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Critically examine the contribution of Emile Durkheim to the scientific study of society.

Extracts from this essay...

Introduction

Critically examine the contribution of Emile Durkheim to the scientific study of society. David Emile Durkheim was a brilliant sociologist , born in 1858 in France and made his great contribution to sociology with his four major works: the division of labor in society(1893), the rules of sociological method(1895), suicide(1897) and the elementary forms of the religious life(1912)(Jones,1986 ). There were two main theories influenced Durkheim's works significantly. Firstly, Comte's perspective on scientific methodology helped Durkheim to investigate society with scientific method; secondly, the expression of debates on the problem of individualism in France after the revolution (Morrison, 1995). Auguste Comte was a French philosopher who held the view of positivism, mainly influenced Durkheim's works (Craib, 1997). Comte stated the definition of positivism as a scientific movement in the purpose of extending the range of investigation with scientific method to the study of society (Morrison, 1995). Another concept in Comet's work is society as a whole, which also influenced Durkheim significantly. 'Society as a whole' means that every part of a society should be seen and studied as a whole and associated with all other parts of the society-individuals can not be separable from society (Craib, 1997). Despite the theories mentioned above, Durkheim intended to differentiate sociology from biology and psychology especially psychology (Craib, 1997).

Middle

In addition to 'constraint', Lukes (1973) argued that Durkheim extended the concept of constraint too far and claimed that constraint is too narrow as a criterion of social facts to define all the methods that Durkheim used to see the individual affected by social factors. The concept of social facts was examined mainly between distinguishing from sociology and psychology, and relationship between the social and individual. The next two parts will turn to examine the suicide and the division of labor in society. Suicide is Durkheim's third major sociological work published in 1897 (Morrison, 1995).[Microsoft2] Throughout his works, all of those topics are the basic theories for suicide, which seems to be a phenomenon that is associated with the individual and its ramifying functions (Durkheim, 1951). Lukes (1973) stated that Durkheim's suicide was a primary attempt that combined many earlier idea and findings theoretically and systematically, and concerned suicide as a social phenomenon. According to Durkheim (1951), suicide can not be explained by its individual forms. Therefore, the formulation of a social theory of suicide led him to focus on the cause of suicide within the framework of sociology, rather than in the psychological states of individuals (Morrison, 1995). Thus, this was a shift from psychological to sociological examination of suicide.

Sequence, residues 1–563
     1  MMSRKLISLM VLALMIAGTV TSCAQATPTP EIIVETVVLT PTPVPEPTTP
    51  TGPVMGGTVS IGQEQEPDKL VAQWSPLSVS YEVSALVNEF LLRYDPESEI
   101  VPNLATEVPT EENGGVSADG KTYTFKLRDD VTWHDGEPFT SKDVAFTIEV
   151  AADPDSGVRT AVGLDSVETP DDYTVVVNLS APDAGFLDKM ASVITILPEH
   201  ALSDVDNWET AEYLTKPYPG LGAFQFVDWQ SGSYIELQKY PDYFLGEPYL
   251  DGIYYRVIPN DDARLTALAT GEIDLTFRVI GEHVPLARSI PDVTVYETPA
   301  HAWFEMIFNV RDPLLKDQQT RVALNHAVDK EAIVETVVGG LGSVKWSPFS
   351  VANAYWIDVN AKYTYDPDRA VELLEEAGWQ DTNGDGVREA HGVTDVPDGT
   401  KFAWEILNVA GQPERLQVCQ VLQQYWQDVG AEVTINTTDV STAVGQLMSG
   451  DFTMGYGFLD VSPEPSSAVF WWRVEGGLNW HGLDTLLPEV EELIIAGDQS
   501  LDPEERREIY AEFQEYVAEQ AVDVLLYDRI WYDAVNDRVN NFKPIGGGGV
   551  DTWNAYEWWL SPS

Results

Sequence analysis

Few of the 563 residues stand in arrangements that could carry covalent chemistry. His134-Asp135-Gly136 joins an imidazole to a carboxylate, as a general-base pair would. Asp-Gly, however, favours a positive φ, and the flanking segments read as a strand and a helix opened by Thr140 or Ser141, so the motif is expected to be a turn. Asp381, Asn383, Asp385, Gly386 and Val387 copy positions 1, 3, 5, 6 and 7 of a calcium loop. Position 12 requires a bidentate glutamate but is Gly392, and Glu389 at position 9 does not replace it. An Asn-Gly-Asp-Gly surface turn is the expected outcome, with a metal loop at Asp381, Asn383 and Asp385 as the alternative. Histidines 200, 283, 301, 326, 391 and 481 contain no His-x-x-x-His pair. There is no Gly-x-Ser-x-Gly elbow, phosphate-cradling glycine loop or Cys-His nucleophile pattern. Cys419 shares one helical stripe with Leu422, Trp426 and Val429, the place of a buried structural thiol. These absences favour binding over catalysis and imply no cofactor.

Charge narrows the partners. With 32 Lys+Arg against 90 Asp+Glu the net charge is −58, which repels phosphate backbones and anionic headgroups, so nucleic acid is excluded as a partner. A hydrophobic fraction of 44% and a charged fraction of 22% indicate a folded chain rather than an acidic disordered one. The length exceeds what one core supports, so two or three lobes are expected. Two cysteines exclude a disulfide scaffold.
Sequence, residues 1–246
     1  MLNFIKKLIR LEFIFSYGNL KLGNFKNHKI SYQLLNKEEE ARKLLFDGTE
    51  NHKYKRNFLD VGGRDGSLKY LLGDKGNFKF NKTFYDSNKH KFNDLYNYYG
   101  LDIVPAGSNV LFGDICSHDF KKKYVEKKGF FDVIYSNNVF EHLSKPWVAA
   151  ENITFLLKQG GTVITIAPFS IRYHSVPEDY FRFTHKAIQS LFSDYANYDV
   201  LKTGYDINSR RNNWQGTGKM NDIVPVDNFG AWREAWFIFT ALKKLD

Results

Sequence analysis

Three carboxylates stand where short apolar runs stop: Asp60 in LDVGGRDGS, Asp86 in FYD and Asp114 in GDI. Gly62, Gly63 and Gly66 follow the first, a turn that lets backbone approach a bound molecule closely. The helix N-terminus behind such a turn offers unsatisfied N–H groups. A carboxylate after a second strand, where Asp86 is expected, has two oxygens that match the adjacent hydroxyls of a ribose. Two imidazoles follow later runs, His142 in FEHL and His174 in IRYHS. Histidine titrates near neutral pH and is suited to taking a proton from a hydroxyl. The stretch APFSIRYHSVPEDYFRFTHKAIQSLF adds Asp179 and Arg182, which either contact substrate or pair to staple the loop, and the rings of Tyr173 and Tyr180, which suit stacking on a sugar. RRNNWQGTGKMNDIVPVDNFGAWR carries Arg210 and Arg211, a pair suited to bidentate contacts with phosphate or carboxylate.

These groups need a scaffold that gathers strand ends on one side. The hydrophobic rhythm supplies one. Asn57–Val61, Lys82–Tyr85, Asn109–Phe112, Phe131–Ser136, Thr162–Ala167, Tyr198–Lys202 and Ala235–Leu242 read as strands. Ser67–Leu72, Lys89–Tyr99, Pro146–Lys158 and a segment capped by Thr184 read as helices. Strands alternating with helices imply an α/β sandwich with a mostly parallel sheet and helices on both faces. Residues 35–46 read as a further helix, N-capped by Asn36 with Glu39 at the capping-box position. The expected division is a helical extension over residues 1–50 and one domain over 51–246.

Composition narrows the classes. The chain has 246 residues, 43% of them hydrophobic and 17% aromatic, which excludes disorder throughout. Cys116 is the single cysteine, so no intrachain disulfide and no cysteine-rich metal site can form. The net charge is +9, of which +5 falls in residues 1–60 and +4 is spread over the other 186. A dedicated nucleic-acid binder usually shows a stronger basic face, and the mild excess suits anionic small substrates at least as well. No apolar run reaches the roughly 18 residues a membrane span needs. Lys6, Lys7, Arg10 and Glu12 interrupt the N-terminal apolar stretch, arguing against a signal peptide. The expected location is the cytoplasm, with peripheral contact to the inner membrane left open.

Conclusion

Durkheim turned to seeking how social solidarity varies in different societies and solidarity can be showed in two ways, those are 'mechanical' and 'organic' (Calhoun and Gerteis, 2007). In the mechanical societies, individual is directly connected with society and there are no differences between the individual conscience and the collective conscience (Jones, 1986). That is to say, the relation between individual and society is that individual can not be distinct from the collective as a whole and there is no individual autonomy (Morrison, 1973). In contrast to mechanical solidarity, organic societies shows that labor is specialized in different part of society and individuals connected to each other more than in the mechanical society(Calhoun and Gerteis, 2007). This reveals that individuals turn to rely on each other and become more dependent on specialized economic functions (Morrison, 1973). In conclusion, although Durkheim's social facts are ambiguous in some criteria of characteristics, his contribution of introducing a new subject matter, social facts, into sociology can not be ignored. Moreover, Durkheim maintained that social facts were objective and should be seen as things that were external to individual and independently. Furthermore, he distinguished sociology with psychology that is the matter Comte did not realize. His 'suicide' was the application of social facts and also suicide itself should be considered as a social fact. Therefore, Durkheim's contribution is valuable to sociology and also enriches the social science.

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